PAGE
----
Following four methods are usually
used for the evaluation of capital investment proposals:

The average rate of return
method.

The payback period method (also
known as cash payback period method).

The net present value method.

The internal rate of return
method.
Method 1 and 2 are the methods that
do not use the present values. Method 3 and 4 use
the present values. So these methods for the
evaluation of capital investment can be grouped into tow
categories:
Methods that Do Not Use Present
Value 
Methods that Use Present Value 
↓ 
↓ 
↓ 
↓ 
Average rate of return method. 
Payback period method 
net present value method 
internal rate of return method 

Methods That Use Present Value:
Methods that use present values (net present
value method and internal rate of return method) in
the capital investment analysis take into account
the time value of money. The concept is that the money has value over
time because it can be invested to earn interest
income. A dollar in hand today is more valuable than
a dollar to be received a year from today. For
example, if we invest $5,000 today to earn a 10%
interest per year, we will have $5,500 after one
year. Thus $5,000 is the present value of $5,500 to
be received a year from today if the rate of
interest is 10%.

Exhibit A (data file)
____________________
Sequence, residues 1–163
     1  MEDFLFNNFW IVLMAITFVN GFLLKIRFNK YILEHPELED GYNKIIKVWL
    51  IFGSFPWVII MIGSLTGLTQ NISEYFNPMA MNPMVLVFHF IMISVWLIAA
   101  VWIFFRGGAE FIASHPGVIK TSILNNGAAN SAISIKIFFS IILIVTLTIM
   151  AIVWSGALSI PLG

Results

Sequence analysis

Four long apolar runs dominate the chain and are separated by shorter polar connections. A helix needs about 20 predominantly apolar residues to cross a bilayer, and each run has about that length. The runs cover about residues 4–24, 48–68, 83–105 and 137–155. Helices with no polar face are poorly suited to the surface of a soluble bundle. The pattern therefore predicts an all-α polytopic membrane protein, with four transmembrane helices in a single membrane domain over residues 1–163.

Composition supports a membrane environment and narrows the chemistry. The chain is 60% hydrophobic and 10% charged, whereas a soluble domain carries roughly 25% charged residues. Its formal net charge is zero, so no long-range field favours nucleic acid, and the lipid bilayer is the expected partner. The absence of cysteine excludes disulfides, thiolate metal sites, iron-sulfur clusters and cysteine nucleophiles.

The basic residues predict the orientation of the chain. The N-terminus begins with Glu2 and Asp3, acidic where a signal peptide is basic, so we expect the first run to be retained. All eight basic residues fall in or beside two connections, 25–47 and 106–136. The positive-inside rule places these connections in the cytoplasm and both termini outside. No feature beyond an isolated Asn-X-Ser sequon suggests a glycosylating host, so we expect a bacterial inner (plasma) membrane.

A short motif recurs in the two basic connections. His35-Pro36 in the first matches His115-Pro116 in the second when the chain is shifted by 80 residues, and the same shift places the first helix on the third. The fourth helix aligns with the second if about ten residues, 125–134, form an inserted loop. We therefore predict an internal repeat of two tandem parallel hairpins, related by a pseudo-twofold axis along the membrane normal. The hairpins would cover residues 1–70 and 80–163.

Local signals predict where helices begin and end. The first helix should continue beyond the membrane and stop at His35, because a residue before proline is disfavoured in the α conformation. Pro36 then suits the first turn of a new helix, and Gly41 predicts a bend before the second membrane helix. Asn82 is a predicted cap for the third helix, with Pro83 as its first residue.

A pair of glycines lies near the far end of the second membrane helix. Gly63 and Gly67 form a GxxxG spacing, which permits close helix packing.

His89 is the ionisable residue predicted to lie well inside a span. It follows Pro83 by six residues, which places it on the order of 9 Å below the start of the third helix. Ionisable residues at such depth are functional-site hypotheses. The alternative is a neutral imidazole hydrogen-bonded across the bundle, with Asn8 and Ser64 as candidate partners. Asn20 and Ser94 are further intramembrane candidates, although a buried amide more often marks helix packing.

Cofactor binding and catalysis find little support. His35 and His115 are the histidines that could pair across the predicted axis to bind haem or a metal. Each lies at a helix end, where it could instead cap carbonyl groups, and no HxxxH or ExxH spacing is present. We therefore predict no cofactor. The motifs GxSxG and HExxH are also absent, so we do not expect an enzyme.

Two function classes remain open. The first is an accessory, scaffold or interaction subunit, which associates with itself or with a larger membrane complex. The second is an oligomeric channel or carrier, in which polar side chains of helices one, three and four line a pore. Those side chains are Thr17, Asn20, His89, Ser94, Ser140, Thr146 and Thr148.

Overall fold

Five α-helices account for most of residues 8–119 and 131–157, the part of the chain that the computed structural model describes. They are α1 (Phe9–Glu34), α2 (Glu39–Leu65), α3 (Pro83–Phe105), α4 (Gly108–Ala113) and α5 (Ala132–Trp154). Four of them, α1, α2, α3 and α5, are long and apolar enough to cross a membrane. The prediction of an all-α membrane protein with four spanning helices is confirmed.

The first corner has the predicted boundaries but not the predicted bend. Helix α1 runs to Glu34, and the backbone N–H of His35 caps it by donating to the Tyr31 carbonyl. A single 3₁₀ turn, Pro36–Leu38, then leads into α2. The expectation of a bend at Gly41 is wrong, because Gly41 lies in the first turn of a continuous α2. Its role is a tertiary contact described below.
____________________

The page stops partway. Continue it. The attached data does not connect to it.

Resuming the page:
This concept is further clarified by the
following calculation:
Today, in hand 
$5,000 
Rate of interest 
10% p.a. 
After 1 year 
$5,000 +
($5,000
×
10/100) = $5,500 

Methods That Ignore Present Value:
Methods that do not use the present value
(average rate of return method and payback method)
are easy to use. Management uses these methods
initially to screen proposals. If a proposal meets
the minimum standards set by management, it is
subject to further analysis otherwise it is dropped
from further consideration.
Methods that ignore present values are normally
used for the evaluation of capital investment
proposals that have relatively short useful lives.
In such cases, management focuses on the expected
income to be earned from the investment and the
total net cash to be received rather than the timing
of the cash flows.
Usually a combination of methods is
used to evaluate capital investment proposals.
According to a survey of different industries the
use of capital investment analysis is as follows:
Method 
Use of
net present value 
Percentage of use 
Average rate
of return 
No 
46% 
Payback
period 
No 
71% 
Net present
value 
Yes 
64% 
Internal rate
of return 
Yes 
69% 

Each method has its own
advantages and disadvantages. Some may be more
complex than others under various conditions.
The problem of complexity can, however, be
overcome with the help of modern computers.
Sophisticated computer software can be used to
develop models that indicate the effect of
changes in key estimates on the evaluation of
capital investment proposals.